If you had your time at University again is there anything you’d do differently?
I would get more involved in university activities earlier on. I didn’t join any societies or committees until my second year and I feel I perhaps wasted a year of opportunities to try new things when there was so much on offer. But I did enjoy my first year, did well academically and met lots of fantastic people, so it was definitely still a year well spent.
What tips would you give to current students looking to start a career in your sector? What could they be doing now to make themselves more employable when they graduate?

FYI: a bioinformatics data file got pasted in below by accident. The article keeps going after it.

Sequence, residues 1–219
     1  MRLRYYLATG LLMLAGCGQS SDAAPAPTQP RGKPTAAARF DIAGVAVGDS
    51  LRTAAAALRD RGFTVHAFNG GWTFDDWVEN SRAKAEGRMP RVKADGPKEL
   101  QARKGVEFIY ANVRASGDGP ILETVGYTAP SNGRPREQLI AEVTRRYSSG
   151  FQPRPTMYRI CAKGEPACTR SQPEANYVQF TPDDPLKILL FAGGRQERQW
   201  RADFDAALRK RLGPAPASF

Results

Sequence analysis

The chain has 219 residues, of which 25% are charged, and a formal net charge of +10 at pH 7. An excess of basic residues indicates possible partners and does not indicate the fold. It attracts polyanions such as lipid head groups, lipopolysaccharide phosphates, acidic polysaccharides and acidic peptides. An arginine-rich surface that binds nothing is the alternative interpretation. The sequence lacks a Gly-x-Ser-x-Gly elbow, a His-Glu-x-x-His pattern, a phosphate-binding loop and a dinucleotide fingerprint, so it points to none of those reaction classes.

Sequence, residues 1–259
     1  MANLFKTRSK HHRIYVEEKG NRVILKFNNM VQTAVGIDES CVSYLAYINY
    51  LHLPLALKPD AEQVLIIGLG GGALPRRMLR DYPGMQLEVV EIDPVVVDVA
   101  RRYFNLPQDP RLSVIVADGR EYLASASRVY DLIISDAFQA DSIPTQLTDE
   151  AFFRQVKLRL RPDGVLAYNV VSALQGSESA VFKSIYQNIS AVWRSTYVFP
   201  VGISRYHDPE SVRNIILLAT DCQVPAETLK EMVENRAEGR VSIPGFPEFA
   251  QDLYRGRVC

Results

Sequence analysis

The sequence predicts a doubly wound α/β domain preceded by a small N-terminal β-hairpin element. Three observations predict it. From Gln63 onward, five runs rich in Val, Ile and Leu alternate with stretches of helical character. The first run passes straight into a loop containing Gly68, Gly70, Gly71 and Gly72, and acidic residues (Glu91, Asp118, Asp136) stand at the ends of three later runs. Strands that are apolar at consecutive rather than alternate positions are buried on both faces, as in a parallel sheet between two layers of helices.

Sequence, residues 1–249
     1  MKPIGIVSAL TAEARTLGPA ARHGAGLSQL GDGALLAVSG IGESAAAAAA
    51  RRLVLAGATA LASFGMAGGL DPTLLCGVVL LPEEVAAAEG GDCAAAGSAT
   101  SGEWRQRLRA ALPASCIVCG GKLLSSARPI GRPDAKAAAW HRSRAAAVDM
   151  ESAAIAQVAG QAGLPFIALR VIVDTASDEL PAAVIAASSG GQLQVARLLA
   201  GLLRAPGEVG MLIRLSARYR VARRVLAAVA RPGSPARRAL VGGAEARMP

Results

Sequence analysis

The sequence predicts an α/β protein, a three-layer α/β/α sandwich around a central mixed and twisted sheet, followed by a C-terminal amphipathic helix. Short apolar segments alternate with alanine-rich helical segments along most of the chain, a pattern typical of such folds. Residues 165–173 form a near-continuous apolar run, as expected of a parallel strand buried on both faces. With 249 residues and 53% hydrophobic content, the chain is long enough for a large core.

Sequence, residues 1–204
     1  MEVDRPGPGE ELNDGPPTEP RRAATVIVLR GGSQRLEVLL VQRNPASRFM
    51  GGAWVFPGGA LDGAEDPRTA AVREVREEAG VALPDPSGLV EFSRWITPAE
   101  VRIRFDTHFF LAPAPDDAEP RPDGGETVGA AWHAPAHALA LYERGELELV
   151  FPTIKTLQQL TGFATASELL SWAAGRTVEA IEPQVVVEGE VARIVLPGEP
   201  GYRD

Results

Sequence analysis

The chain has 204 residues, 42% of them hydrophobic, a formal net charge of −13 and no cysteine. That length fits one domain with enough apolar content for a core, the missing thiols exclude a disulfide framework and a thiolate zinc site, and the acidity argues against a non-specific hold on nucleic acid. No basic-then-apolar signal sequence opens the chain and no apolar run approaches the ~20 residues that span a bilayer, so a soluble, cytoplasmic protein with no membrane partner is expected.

The media is notoriously difficult to get into and there is a very competitive jobs market. You need to be prepared to start at the bottom, on quite low pay for a graduate job, and work hard to work your way up. My first job was on a local newspaper in the South Wales Valleys, in an office on my own, without even a toilet, but I engaged in the local community, found exclusive news stories and worked unsociable hours to cover local events and my career progressed from there. I would advise getting as much media experience as you can while at university, as you will be expected to take evidence of this to job interviews. Write for the student newspaper, work at the student radio station, write a blog, use social media and also get experience in professional outlets outside of university. I got work experience with The Sunday Times Sport and BBC Sport at Wimbledon while I was at university, all through asking for opportunities, and that gave me some great contacts and inspiration.